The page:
What is it about dandelions?

Americans’ Extinction Denial Syndrome

I was talking yesterday with a woman at HealthGuard, a water testing firm we’ve used in the past to test the water in our artesian well for contaminants. We hadn’t done it in five years because the last test showed it to be free of anything nasty, from coliform bacteria to pesticide traces and heavy metals — so pure in fact we could bottle it and sell it.

We decided to test the well again because although we live on 2.3 wooded acres and don’t use chemicals on the property ourselves, we are surrounded by suburban homes that, as evidenced by most of their lawns being totally lacking in dandelions, clearly use gallons glyphosate-laced Roundup.property

I turns out the test we had done before tested for everything but herbicides, so we are testing now for glyphosate too. The woman at HealthGuard said it was becoming a popular test, and that, as I know, the chemical is showing up everywhere.

I don’t know what the test results will be. Our well is 160 feet deep, so we may be lucky. I’m sure that any glyphosate will be minimal compared to what’s in the public water supply in our town, which had to shut down several of its system’s wells because of contamination with PFAs from a now closed Naval air station two miles from us. Fingers crossed.

But the situation with our well and the paucity of dandelions in our neighborhood got me thinking about how crazy our society is.

When I go into a Lowe’s or Home Depot store to buy plumbing or electrical supplies, I’m assaulted as soon as I go in the door by the smell of lawn chemicals. Plastic jugs of Roundup are stacked six feet high right near the entrance of these stores for easy grabbing by shoppers heading for the garden supply area.   At Costco, I found myself in line at the checkout counter behind a man who had a huge bag of grass seed that the label on the bag promised was already treated with “fertilizer and weed killer for a perfect lawn.”  The weed killer, I discovered on checking further, is of course Roundup.

Most of Europe has banned Roundup because of both a determination that is carcinogenic and because its widespread use has been linked to the decimation of the world’s bees, essential for the pollination of some 90 percent of all plants and of 30 percent of food crops, and Monsanto/Bayer has so far lost three major lawsuits levying a total of over $2.4 billion in punitive damages against the company for cancers found caused by their glyphosate herbicide. Yet despite all this, the American public wants its pristine green lawns, unblemished by dandelions and other transgressors like violets, buttercups, clover and wild strawberries.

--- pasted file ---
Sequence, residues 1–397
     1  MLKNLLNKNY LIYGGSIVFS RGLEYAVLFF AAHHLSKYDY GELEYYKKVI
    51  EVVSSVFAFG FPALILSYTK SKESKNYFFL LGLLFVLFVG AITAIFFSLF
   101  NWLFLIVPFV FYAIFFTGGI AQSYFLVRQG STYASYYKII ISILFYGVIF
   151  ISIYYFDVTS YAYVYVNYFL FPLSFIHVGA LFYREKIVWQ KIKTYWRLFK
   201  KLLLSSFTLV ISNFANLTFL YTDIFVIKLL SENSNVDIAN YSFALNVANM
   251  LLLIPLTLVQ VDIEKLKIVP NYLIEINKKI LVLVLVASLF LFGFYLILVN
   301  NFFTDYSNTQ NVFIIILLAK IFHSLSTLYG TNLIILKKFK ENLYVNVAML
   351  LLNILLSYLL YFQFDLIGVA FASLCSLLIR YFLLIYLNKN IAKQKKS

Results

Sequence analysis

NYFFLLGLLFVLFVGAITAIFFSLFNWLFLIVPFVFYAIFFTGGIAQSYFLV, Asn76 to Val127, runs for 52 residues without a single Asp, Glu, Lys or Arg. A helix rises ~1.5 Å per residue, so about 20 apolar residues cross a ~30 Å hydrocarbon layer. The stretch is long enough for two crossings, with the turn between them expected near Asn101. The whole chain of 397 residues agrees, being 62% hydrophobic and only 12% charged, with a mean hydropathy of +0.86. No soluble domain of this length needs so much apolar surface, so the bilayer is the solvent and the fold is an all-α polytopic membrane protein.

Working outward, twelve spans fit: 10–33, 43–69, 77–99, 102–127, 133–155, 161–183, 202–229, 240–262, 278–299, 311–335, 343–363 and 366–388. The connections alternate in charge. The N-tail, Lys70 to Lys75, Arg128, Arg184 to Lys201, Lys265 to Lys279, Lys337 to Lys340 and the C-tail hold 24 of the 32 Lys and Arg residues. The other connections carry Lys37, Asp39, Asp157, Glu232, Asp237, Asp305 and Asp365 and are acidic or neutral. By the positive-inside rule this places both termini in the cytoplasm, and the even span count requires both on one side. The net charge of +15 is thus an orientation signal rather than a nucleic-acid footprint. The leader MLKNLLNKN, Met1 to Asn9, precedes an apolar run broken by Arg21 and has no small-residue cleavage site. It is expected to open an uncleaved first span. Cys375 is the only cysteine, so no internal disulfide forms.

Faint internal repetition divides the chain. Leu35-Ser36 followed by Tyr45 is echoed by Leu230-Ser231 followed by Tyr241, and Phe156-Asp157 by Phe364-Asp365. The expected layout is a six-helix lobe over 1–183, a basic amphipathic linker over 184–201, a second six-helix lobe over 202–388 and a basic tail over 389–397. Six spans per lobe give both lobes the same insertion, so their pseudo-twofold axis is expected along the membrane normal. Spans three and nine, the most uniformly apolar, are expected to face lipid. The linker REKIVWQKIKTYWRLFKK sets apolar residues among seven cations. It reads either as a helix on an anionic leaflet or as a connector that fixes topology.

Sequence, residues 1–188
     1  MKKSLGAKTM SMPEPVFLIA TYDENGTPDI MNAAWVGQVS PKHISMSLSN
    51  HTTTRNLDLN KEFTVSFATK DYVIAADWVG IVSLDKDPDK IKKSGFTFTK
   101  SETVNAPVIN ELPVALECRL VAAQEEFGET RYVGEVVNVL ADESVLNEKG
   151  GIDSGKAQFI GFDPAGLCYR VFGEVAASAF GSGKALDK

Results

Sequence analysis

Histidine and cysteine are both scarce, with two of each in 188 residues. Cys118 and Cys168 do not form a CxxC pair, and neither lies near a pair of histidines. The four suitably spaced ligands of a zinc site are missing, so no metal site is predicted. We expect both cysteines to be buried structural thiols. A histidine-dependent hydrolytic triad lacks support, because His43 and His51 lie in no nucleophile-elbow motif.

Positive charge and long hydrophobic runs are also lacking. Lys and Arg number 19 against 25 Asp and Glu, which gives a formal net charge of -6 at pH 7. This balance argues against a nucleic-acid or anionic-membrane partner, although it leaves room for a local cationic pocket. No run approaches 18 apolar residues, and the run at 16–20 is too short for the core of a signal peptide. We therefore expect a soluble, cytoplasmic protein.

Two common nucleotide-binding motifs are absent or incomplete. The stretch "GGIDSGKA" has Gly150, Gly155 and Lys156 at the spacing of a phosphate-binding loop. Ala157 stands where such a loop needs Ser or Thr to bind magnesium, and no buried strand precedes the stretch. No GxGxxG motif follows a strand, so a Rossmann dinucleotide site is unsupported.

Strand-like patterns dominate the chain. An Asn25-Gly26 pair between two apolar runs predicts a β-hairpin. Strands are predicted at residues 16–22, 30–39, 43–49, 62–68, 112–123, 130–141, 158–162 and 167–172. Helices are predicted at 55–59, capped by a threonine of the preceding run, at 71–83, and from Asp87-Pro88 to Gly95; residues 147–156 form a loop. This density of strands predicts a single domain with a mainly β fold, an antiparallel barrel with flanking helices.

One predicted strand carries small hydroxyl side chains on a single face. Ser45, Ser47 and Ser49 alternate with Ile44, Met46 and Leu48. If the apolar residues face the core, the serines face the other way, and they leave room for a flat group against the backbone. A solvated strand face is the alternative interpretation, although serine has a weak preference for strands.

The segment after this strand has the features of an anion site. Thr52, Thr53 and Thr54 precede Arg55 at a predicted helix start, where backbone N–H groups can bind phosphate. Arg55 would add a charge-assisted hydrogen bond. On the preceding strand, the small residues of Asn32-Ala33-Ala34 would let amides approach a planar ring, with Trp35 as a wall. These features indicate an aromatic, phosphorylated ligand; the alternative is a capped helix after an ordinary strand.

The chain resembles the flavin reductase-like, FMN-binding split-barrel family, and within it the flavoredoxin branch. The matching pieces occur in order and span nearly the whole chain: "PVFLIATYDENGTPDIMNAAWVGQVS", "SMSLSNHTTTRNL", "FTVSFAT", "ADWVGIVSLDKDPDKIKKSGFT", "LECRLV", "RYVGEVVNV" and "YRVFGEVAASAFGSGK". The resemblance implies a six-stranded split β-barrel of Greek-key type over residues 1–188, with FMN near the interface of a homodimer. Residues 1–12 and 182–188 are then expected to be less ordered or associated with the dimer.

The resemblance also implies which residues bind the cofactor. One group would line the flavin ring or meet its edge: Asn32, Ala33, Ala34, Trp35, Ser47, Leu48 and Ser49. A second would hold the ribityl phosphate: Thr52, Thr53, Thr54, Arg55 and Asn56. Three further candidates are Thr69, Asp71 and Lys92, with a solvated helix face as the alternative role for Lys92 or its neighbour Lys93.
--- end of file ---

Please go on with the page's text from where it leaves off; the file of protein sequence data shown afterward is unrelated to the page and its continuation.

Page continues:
Glyphosate cancer risk and bee die-offs be damned!

Mentioning this bizarre attitude to the woman at HealthGuard, she replied, “I know. It’s crazy. People actually tell me they’re stocking up on Roundup because they say, ‘I’m sure the government is going  to ban it eventually, but it really works, so I want to have it to use.’”

This is a bit like the people who insist on buying incandescent light bulbs and stocking up on them for fear they’ll eventually disappear, even as LED lighting keeps getting better and cheaper, and uses a fraction of the electricity required by incandescent light bulbs. In our house, switching to LEDs has reduced our electrical bill by nearly two-thirds, lighting being the main share of our home’s electrical use.

What are Americans thinking?  Are they even thinking at all? (Maybe it will take a lawsuit against companies like Lowe’s and Home Depot to get this vile s**t off the market.)

We just had a report issued by a group of environmental scientists in Australia from the National Centre for Climate Restoration. They predict that if climate change continues on its present track, human civilization (such as it is!) and even humanity itself as a species, will face an “existential risk” as soon as 2050, which is just 31 years from now. The frightening report got major play on the major networks like CBS, ABC and CNN, and in USA Today, but it was basically a one-shot deal. The story came out early this week and by Friday the news cycle had moved on and the dire prediction of mankind’s doom is now history. People are still buying oversized cars, flying hither and yon for vacations, scarfing down beef that is produced on vast tracts of land and from cows that emit huge amounts of the global warming gas methane, commuting to and from work in cars driven by single drivers with no passengers that create massive traffic jams and living in outsized show homes requiring vast inputs of energy. And more incredibly, many are planning to vote in 2020 to re-elect President Trump, whose administration has been actively working to remove whatever minor measures were taken by the Obama administration to moderate US reliance on carbon-based fuels! Or for Democrats whose party leadership won’t even permit a presidential campaign debate on climate change policy!